Yes, but within human life, unfolding from the earlier life of earth, and growing, little by little, by constant struggle and unremitting effort towards a heightened, broadened, nobler level of fulfillment, it seems to me that purpose and significance, no matter how difficult to express, are so evident as to be beyond all reasonable doubt. If it be otherwise, the human mind itself is nothing but a means to madness; and all knowledge, no matter how objective in its outreach, or however cautious and austere, is just a suicidal fantasy. I can follow Lincoln in a second affirmation. I believe in “the power in the life”–“the spirit in the life.” God beyond man, God outside of man, may be entirely speculation. I do not say that this is so; but I am willing for the moment to leave it as an undetermined question. But God within man, “Life immense in passion, pulse and power,”, life militantly seeking the conquest of all that is less than life, life with meaning rising to moral meaning, life with purpose rising to spiritual purpose–this, it seems to me, is undeniable, except by those who do less living than debating. And certainly I speak this morning, not as one who comes from the study of a philosopher or a theologian–though I have neglected neither philosophy nor theology–but as one who lives, and thinks as he lives. I find my God not in my books but in my living, and his purpose not in my arguments but in experience and perception. Mankind has not come all this way–millions and millions of years of struggling pilgrimage–from empty causes and to no avail, to no sufficient purpose. Whatever may happen to this particular generation–and we, ourselves, shall largely decide it–the end is still in view and the purpose is invincible.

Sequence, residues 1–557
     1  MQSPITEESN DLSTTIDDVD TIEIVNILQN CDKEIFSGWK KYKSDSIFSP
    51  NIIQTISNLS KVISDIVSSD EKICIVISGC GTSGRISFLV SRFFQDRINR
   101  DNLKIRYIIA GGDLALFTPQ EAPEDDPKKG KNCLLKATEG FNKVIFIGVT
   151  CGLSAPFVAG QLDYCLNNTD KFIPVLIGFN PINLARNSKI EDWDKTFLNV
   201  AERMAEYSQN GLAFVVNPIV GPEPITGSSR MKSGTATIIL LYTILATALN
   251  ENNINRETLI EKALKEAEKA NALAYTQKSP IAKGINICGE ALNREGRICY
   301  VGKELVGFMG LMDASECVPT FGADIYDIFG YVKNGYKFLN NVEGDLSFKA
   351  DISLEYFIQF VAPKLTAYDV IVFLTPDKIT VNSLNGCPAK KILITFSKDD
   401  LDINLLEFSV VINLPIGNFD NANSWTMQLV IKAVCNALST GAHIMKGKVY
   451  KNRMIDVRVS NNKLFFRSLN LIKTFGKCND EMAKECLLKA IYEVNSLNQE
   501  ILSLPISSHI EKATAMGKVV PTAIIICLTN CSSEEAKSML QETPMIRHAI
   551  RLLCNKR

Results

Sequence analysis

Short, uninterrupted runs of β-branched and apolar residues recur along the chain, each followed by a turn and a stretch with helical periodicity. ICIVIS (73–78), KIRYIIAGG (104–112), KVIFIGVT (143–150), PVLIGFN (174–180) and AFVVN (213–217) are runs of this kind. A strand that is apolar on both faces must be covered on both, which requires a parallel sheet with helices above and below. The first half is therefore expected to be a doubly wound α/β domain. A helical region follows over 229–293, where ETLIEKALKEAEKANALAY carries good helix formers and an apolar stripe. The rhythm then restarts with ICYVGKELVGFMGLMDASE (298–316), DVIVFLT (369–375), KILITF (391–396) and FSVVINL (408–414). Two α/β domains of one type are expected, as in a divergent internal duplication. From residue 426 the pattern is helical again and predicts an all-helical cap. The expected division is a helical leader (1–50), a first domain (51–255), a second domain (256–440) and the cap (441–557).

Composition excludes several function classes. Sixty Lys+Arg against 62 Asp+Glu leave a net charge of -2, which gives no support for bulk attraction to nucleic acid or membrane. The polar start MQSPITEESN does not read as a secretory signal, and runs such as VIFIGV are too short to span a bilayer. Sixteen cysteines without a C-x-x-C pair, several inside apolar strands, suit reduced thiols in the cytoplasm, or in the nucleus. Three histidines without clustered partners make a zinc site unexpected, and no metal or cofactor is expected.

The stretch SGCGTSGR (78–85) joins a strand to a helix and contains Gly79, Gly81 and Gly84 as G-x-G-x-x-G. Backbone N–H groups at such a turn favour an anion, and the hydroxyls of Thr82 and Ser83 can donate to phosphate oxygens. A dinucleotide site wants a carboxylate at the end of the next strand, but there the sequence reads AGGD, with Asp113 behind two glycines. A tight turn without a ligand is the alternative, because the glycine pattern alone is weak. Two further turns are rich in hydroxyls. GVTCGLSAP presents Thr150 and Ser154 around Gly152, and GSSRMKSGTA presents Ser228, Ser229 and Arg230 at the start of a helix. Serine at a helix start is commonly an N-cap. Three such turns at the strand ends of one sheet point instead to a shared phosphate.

The thing that has happened is that human life itself has reached a crisis: the total life of man throughout the planet and the life of every individual human being within that larger life. If I may say so, this is no new thought to me: I must ask pardon for almost quoting myself, for I have said it many times for many years. The present culmination was predictable. Anyone who cannot grasp the larger truth of what the present crisis means–the truth that man is required to raise the level of his life to the point of actual transformation–will prove incapable of understanding the situation of which he is a part, and incapable of all decisions which are demanded of him. it is a simple truth, but like all simple truths, extremely large. To people accustomed to truth dispensed in retail sizes, it will seem too wholesale to be credible. But then, these are the same people who have refused to believe in anything which has happened in the last ten years until it actually did happen. They refused to accept the dimensions of the world struggle until it could no longer be avoided. They refused to see that the world must be governed as a unity, a community, until terror made them see the truth that wishful thinking had obscured….I say again, this is a total crisis in human life itself demanding that we rise to a new level, not only of belief and affirmation, but of performance. All older, easier ways of life are ending; their course is nearly finished. An age is ending not only for the outer world but for the inner world: the world of motive and conscience, of mind and spirit.

Let no one suppose that the critical days which have come to us are just a hateful residue from the past–that no meaning for the future lies within them. There is a hateful residue from the past–that is what we have to overcome. It is the old world’s ancient evil–and we must end it. But of equal or greater significance is the challenge from the future–the unmade future which is nonetheless molding the present and deciding the paths that we must take. It will be a higher humanity than our own which will inherit that future : it will be and it should be. Like Moses viewing the Promised Land, we are able to see such a future and prepare for it; but we are not able to enter it. The ways of the past are too much with us. Or like David, who longed to build for his God a glorious temple, we can prepare the materials and plan the outlines, but we cannot build. “There is too much blood on your hands,” said Jehovah to David. And the old story is full of meaning. To us, too, it must be said, “There is too much blood on your hands.” We are too full of prejudice, of blindness, of greed, of hate and superstition–yet we can prepare the way. WE must. To survive, we must. To that level we must rise.